Tiles vs. Flat Roofing
Flat roofing is quick and easy to install and is popular in properties that are relatively small. However, this type of roof is prone to developing leaks. It’s also common for water to build up on the roof if there are any areas that aren’t perfectly flat, putting strain on the felt. A flat roof for an average-sized home typically costs around $4,000 to install.2
Sloped roofs with tiles are more long-lasting if they’re properly cared for. However, they can be costlier to install. The actual price depends on the material used, but as a rule of thumb, Australians can expect to spend between 2% and 4%3 of the value of their home on a new roof.
Beware of ‘Storm Chasers’
It’s common for property owners to inspect their roofs after a storm or some other event that causes damage. While this is a sensible move, it’s something scammers try to take advantage of. Dishonest companies call on property owners offering to fix storm damage. In some cases, these companies charge vastly inflated prices, taking advantage of the property owner’s desperation. Some scammers may simply take the victim’s money and vanish without performing any work at all.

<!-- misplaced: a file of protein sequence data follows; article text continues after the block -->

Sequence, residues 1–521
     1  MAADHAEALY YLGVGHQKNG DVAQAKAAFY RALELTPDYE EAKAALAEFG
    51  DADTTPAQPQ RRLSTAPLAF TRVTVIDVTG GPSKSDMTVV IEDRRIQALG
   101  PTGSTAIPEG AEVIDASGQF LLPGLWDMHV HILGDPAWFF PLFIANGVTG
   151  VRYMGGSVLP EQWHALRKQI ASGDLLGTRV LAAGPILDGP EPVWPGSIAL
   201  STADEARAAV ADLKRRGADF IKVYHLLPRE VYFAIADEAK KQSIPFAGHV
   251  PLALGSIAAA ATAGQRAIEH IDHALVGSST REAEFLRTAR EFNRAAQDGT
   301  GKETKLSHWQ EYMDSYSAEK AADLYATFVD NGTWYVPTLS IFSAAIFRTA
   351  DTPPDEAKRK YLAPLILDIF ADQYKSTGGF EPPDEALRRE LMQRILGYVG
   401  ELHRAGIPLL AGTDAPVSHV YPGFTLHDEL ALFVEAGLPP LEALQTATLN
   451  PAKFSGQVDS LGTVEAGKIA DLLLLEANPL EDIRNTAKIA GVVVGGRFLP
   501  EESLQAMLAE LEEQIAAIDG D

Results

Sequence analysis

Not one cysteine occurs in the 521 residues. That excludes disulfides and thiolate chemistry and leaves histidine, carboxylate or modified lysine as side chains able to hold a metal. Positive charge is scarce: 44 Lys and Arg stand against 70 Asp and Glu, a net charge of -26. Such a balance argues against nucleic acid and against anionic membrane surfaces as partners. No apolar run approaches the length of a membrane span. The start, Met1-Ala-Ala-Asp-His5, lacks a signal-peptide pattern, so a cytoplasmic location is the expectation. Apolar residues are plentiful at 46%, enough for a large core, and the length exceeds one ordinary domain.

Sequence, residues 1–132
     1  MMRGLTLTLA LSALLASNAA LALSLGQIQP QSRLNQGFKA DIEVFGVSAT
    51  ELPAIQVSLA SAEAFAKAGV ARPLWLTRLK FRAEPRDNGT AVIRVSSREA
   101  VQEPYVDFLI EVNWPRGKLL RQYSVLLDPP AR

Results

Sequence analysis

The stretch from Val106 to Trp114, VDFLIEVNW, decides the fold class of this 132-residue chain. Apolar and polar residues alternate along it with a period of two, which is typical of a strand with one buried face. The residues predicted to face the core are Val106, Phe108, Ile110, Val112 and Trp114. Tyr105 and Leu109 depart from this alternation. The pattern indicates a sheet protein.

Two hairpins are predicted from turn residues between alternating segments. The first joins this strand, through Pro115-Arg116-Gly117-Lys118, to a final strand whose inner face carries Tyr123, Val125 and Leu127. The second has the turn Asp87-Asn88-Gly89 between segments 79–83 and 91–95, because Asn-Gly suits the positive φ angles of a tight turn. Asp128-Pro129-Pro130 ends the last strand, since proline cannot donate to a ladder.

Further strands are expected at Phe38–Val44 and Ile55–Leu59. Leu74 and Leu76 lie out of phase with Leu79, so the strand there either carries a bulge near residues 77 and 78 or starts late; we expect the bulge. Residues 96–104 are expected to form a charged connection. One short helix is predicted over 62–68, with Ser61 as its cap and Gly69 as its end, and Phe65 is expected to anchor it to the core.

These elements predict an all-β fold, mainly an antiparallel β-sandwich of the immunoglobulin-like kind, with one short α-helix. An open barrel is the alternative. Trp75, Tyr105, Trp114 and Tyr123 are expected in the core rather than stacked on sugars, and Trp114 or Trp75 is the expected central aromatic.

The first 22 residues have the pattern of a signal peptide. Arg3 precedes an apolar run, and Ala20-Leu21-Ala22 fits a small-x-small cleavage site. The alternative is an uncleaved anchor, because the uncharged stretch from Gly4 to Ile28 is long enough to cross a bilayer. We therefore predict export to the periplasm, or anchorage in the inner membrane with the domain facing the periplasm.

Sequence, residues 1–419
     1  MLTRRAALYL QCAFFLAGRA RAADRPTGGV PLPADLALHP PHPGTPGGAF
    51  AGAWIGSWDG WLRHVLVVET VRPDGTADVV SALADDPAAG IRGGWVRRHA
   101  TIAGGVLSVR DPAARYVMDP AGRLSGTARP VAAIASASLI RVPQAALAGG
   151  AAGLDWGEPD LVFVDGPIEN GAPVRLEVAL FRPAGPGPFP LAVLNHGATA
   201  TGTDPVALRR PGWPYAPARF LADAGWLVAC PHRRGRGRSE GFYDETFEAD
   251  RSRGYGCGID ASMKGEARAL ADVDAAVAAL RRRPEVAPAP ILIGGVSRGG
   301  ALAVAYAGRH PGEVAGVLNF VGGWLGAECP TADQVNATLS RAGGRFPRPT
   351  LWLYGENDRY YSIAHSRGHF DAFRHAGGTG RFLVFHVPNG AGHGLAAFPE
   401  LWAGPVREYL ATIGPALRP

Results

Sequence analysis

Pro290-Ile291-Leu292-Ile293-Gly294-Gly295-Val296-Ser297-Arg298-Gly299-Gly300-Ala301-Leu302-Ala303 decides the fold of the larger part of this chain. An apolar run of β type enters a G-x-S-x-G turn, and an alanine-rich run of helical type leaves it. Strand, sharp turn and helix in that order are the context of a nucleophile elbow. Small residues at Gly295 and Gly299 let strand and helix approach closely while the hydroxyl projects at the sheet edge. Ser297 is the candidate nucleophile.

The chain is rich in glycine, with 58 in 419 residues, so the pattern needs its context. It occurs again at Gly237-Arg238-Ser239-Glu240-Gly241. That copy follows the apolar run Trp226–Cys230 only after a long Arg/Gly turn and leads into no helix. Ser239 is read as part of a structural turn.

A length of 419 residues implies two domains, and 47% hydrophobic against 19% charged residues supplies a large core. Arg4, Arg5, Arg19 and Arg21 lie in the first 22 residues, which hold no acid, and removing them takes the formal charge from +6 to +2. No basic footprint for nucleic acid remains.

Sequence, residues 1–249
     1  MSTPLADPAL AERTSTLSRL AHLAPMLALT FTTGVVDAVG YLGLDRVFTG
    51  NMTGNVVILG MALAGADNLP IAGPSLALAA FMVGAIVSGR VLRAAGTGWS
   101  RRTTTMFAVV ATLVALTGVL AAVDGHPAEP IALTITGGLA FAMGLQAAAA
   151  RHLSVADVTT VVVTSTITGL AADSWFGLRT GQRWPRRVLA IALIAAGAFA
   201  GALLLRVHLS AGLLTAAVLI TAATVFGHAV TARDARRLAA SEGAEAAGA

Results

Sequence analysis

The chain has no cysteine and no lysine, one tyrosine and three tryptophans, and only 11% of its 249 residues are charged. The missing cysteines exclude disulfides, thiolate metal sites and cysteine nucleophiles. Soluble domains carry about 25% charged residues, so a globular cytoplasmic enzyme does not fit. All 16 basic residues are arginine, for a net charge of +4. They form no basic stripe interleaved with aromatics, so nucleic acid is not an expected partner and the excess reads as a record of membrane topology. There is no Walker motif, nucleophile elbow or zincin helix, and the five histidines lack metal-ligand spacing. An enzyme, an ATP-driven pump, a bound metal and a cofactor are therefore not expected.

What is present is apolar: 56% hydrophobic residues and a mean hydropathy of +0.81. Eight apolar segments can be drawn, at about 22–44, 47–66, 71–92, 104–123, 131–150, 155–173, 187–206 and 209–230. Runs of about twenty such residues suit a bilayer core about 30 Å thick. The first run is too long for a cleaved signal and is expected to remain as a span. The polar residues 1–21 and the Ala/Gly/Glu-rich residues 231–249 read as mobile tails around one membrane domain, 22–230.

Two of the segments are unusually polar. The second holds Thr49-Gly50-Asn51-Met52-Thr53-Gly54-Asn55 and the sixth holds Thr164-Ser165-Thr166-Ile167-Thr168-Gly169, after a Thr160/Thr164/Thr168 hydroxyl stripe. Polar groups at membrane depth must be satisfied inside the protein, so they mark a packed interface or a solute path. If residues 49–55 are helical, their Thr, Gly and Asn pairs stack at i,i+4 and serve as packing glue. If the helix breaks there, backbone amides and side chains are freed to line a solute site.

What To Look for in a Roofing Company
When choosing a roofing company, check to make sure they’re licensed to operate in your area. Membership of trade associations such as the Metal Roofing Cladding Association of Australia4 is a good sign of a reputable company too. Most trade bodies have a public membership list that prospective customers can check to confirm a contractor’s claims. Look at reviews online, too, but always keep in mind that most directories and search engines don’t vet reviews to ensure they’re from verified customers. Word-of-mouth recommendations from friends and family should carry more weight.
Get Several Quotes Before Choosing a Roofing Company
As with any large job, it’s well worth getting several quotes from local contractors to get an idea of reasonable prices for your roofing job. Ask each contractor to itemize the quote so that it’s clear what is covered. If there’s a significant discrepancy between quotes, ask the contractors to justify their pricing. Take pricing into account when choosing the contractor, but also consider customer service, reputation, any warranty offered and the timeline in which they can do the job.